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Hope Forward: Surviving and Thriving through Emotional Pain: "I Should be Grateful...?"

Monday, November 7, 2011

"I Should be Grateful...?"

Sometimes when someone is sitting here in the office talking about what's on their mind, talking about what's bothering them, they will stop and say, "I suppose I should be grateful, it could be worse." This always reminds me somehow of having to finish all the food on our plates because people are starving elsewhere in the world.

I think the statement raises some very good questions, such as where do gratitude and a true sense of what we "yes" have fit in with emotional pain and feelings of discontent in our lives? And can we be both grateful and unhappy at the same time? Can we appreciate our blessings and still honor our longings? And why is it that we often feel the urge to temper our feelings? Do we think we should not feel them?

I find these questions come up in the context of marital counseling as well. How do we manage to be appreciative of our partners while we are furious, or frustrated or disappointed with them as well? And also when we talk about our parents. Can we feel our difficult feelings toward them and appreciate the positives too?

How do we reconcile our values with our feelings?

I think the answers are individual of course, depending on our own unique character and circumstance, though there may be some common truths. While some of us are more comfortable feeling how we feel, letting our feelings rise and fall and be what they will, others are more hesitant. We get besieged by shame, or guilt or hopelessness, or the idea that perhaps we are not suppose to feel the way we do, or that there really cannot be any good outcome, or that since there are others who have it worse, our feelings should not be what they are. Except that they are. I have not found that denying our feelings solves much of anything. We can't always get relief as quickly as we might like, but keeping ourselves in the dark does not usually offer us good results. Neither does attacking our selves for the feelings we have. Nor does misusing gratitude.

That being said, I think that we can employ gratitude to help us with emotional pain without using it to invalidate our feelings. It does help to count our blessings, from the simple to the sublime. We can breathe clean air; We can see fall foliage; we can walk; even the basics, that are not so basic to everyone, can be starting points when we are in emotional pain; gratitude can certainly help put things in proper perspective and give us context. It can help us to feel better and see things differently.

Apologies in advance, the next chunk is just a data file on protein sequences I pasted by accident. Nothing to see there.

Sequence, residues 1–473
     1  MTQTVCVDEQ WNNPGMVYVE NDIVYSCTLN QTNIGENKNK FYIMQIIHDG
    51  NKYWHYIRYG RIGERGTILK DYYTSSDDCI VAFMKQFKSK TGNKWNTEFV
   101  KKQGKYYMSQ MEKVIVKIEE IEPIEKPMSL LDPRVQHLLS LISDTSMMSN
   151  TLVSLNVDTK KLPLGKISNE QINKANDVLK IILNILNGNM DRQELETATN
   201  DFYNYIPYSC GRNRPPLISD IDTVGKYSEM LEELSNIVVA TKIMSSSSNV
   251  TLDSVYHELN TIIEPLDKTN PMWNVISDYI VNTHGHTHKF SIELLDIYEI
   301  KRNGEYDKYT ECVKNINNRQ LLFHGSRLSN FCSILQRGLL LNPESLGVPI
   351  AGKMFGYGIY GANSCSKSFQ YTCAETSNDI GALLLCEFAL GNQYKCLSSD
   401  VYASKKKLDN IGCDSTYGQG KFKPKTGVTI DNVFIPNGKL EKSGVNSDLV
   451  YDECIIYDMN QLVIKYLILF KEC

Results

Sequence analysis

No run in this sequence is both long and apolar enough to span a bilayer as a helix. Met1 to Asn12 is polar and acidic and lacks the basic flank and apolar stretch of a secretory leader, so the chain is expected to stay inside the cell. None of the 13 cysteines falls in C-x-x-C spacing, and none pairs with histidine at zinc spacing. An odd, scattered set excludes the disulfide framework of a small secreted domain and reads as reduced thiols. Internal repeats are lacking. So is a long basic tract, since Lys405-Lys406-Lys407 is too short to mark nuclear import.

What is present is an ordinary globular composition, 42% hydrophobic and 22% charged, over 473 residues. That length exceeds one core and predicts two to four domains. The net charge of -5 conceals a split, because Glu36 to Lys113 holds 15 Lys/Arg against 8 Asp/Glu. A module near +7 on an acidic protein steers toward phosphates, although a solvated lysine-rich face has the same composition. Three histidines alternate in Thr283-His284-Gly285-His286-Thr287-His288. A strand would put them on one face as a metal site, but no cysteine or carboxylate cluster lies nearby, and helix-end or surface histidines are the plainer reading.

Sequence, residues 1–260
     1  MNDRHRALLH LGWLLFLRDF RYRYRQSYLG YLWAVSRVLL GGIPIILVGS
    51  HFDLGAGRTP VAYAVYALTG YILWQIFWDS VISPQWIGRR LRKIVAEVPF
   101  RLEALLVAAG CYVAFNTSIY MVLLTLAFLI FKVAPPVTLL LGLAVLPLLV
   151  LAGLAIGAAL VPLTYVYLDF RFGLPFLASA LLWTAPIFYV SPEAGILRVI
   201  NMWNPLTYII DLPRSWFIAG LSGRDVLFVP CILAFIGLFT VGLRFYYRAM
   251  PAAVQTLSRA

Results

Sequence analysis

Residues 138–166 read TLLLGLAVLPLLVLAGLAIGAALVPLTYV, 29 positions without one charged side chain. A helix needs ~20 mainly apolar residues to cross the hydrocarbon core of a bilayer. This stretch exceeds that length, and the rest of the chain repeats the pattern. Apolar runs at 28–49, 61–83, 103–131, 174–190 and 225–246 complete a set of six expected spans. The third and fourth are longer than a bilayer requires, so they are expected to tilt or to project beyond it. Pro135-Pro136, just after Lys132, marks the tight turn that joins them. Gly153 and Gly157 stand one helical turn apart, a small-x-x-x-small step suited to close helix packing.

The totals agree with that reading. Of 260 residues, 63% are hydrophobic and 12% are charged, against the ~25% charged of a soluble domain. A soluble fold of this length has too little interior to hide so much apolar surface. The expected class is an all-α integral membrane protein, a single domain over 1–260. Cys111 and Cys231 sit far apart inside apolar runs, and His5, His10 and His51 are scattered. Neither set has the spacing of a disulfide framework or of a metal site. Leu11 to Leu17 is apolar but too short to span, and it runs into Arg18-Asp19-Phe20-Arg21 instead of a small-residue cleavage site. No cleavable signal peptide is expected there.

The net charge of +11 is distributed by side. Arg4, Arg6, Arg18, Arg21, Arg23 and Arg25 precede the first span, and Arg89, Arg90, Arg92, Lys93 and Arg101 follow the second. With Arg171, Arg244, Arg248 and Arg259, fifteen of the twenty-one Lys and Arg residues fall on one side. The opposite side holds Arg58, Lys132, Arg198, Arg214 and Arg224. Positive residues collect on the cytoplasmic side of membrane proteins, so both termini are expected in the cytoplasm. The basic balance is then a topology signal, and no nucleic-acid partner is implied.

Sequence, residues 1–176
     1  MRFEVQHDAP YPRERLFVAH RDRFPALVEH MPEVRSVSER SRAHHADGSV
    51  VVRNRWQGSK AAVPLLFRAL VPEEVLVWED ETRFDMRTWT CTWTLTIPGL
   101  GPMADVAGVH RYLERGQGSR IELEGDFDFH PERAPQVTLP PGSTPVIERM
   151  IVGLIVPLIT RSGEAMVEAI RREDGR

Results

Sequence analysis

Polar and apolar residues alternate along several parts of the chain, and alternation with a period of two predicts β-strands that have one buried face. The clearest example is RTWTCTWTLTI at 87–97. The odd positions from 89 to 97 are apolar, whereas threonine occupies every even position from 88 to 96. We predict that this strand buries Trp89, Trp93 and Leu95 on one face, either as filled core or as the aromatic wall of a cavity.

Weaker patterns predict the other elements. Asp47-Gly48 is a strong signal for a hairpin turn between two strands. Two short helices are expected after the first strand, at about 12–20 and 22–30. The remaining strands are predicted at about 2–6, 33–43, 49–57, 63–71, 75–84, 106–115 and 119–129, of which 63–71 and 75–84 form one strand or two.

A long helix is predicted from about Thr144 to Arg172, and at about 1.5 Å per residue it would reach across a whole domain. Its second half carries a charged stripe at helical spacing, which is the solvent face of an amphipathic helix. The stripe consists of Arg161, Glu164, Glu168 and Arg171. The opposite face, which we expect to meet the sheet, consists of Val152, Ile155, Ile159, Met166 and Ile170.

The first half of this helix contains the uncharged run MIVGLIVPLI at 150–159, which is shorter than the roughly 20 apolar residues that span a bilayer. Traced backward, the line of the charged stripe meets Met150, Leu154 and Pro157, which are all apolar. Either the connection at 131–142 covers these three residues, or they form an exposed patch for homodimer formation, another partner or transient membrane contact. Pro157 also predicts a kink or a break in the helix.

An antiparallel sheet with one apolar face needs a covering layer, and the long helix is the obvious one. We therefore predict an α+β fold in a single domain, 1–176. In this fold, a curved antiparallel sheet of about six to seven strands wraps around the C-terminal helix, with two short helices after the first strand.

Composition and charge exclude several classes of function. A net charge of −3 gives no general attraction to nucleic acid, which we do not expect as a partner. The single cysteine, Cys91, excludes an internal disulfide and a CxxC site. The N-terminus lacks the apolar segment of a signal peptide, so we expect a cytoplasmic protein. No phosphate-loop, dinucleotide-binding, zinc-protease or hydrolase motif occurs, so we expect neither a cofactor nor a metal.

But emotional pain is still pain. We still feel what we feel, and sidestepping feelings in the name of gratitude or using gratitude to avoid what is true for us usually just stalls our progress. So here's where the talking can help. We can let all our thoughts and feelings breathe; we can tend to them, see what they mean to us and make forward movement from there. The trouble, I think, is not feeling how we feel so much as it is attacking ourselves for feeling how we feel and then acting on the attack without having given ourselves a talking chance.


Continuing Education for Counselors said...

True- and the very dynamic produced from being told that one should be grateful is not very helpful. So, I see what you mean..

Melissa Groman, LCSW said...

thanks CE for C.
Glad you stopped by

Melissa Groman, LCSW said...

thanks CE for C.
Glad you stopped by

Cathy Hanville said...

It is so hard for people to talk about their suffering without minimizing it. It is one of the benefits of therapy to create a space where people can be with their pain without feeling bad about that. It is hard enough to experience emotional pain, but to than be judging yourself for it, just exacerbates the experience. Great post.

Melissa Groman, LCSW said...

It is Cathy. Thanks for sharing your thoughts and for stopping by and taking the time to leave a comment.